My mom talks a lot about her touchstones in life: old friends, beloved places, certain objects that, when revisited, ground her, reminding her of who she has always been, gently correcting her course in life if it has strayed from what is true to her. She and I share one such touchstone, our dear alma mater, Miss Porter’s School, and yesterday I got to wander its verdant campus, and spend a little time back in the painting studio that was the beating heart of my high school experience.
The next month of my life is going to be a challenging one, but I will take with me the feeling of standing at this sink, washing my brushes out after the blissful escape of a double period of AP studio art. I remember now the satisfaction of tangible progress, even if the day’s efforts would only get painted over the next, even if I merely laid down the first pioneering lines across a blank canvas. I have to remind myself, these days, of my fearlessness and optimism at 17, as I fixed creative whims out of the atmosphere and onto these white, inviting spaces without questioning my ability to do so.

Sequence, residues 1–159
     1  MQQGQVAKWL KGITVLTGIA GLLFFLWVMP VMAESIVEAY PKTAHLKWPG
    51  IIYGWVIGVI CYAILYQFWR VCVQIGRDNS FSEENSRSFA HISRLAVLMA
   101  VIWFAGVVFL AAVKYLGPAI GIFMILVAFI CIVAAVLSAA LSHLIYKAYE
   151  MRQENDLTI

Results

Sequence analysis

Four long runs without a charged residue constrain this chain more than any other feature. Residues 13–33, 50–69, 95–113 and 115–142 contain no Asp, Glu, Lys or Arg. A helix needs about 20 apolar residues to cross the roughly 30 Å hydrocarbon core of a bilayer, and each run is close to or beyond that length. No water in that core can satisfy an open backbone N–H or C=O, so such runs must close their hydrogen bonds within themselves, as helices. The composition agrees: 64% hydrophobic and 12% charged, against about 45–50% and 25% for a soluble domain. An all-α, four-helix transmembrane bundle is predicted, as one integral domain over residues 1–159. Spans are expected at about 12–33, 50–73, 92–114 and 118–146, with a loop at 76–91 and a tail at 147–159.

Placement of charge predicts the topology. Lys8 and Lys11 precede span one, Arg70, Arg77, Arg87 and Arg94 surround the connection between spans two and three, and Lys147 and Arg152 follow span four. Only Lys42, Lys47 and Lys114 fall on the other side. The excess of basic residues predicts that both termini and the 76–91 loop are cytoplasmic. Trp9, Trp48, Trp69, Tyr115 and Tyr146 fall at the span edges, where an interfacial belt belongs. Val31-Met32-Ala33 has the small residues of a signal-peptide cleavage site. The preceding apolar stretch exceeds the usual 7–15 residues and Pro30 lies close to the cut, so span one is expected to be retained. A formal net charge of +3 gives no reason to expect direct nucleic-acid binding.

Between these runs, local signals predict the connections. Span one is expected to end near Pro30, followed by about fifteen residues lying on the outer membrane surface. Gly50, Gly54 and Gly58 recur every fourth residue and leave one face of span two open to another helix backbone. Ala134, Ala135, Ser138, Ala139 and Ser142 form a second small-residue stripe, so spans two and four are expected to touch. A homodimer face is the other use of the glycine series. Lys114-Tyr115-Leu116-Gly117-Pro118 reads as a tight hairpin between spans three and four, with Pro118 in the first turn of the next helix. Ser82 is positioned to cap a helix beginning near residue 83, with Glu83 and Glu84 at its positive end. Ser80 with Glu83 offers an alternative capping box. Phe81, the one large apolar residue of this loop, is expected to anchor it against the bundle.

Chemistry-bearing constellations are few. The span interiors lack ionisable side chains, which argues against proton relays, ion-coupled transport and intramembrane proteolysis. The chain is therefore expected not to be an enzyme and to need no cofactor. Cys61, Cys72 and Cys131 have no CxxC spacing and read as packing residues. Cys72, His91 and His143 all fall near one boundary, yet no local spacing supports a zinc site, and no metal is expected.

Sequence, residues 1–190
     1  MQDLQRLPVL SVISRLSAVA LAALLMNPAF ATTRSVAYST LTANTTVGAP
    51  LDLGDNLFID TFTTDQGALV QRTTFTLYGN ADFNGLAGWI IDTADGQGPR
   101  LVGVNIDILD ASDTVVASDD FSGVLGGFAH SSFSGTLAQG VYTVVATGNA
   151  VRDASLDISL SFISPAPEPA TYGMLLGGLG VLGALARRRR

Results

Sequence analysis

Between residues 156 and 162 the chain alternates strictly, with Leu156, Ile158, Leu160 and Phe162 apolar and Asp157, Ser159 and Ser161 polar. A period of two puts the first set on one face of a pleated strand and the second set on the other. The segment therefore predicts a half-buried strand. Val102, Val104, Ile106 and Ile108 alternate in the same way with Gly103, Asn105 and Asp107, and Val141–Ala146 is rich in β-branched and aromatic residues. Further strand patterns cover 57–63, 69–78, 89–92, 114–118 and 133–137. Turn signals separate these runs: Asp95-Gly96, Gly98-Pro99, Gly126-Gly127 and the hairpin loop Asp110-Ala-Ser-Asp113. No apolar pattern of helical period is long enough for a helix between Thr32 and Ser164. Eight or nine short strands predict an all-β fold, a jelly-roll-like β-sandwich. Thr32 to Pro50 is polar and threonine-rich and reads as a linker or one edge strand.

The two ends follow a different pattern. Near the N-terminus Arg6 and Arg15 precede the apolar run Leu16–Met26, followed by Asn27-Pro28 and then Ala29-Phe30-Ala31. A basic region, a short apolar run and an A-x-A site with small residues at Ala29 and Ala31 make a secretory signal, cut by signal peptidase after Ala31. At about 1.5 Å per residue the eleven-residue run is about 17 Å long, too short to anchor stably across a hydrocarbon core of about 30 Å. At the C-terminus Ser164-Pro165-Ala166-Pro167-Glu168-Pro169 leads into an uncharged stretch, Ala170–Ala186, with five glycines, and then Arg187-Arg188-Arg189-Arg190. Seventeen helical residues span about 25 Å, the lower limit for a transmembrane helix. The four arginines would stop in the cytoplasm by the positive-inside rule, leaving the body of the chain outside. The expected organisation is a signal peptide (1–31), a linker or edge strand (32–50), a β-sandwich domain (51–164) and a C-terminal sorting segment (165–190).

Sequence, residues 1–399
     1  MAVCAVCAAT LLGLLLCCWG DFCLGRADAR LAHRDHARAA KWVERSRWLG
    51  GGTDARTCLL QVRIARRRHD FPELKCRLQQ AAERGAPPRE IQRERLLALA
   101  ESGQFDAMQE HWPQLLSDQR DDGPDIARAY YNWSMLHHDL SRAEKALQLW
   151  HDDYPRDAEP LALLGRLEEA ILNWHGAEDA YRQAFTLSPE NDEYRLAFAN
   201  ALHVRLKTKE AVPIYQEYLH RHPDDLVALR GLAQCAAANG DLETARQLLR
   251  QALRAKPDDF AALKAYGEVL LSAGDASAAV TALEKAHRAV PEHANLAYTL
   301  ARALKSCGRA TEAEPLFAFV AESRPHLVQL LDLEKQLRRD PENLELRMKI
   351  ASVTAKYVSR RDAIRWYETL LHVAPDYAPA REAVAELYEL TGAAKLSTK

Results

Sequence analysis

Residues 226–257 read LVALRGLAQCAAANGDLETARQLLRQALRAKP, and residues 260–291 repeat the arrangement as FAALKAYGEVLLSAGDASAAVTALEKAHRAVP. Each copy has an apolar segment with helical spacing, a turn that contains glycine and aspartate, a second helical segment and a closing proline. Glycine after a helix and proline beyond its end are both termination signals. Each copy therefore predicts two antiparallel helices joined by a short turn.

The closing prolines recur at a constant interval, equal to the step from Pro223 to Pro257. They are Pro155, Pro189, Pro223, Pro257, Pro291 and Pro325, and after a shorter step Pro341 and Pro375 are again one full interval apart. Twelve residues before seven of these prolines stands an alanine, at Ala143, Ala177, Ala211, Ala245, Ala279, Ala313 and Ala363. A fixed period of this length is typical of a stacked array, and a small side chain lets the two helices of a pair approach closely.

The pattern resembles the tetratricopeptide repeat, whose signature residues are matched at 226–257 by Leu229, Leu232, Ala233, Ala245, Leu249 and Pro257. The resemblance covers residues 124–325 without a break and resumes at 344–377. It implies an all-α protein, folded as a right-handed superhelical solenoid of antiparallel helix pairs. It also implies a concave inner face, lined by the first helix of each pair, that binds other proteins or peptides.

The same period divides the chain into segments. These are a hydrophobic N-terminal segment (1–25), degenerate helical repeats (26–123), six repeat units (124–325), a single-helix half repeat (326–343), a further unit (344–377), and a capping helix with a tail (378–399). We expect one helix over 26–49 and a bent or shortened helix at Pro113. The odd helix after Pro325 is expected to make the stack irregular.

I slipped back into this space of unapologetic self love and expression as though it was a favorite coat come out of the attic in autumn; it felt exactly as I remembered, and the pockets were filled with old paper scraps, little notes to self from a younger, and in some ways wiser, woman.
I remember now, the more vividly for my visit, the girl with paint on her hands, who reveled in the company of 300 incredible compatriots, who felt supported and cheered on by her teachers every day, who chased the most distant corners of her wild imagination, stroke by careful brushstroke, and who would never let anything or anyone, least of all herself, stand in her way. I remember with gratitude the place that taught me to be me, unapologetically.